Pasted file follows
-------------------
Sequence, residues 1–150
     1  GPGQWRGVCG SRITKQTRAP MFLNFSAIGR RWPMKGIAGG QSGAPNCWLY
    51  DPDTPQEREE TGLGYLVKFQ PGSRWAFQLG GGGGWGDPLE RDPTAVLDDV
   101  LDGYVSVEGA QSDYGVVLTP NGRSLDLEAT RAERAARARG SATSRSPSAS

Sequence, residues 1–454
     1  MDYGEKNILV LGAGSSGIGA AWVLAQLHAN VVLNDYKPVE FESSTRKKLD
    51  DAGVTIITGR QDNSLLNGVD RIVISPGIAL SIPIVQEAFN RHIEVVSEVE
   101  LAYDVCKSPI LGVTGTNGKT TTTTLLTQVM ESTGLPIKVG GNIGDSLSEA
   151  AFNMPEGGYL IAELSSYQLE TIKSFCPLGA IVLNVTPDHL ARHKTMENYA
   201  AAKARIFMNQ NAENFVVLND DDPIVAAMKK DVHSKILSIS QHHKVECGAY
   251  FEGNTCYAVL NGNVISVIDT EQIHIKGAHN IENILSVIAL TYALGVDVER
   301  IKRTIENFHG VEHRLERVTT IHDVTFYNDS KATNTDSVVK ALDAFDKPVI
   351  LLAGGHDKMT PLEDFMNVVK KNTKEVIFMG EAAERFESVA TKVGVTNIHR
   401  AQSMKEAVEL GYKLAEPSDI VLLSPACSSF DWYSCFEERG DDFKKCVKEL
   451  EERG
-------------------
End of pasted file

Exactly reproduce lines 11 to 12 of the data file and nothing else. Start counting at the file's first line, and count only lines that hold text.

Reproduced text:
   251  FEGNTCYAVL NGNVISVIDT EQIHIKGAHN IENILSVIAL TYALGVDVER
   301  IKRTIENFHG VEHRLERVTT IHDVTFYNDS KATNTDSVVK ALDAFDKPVI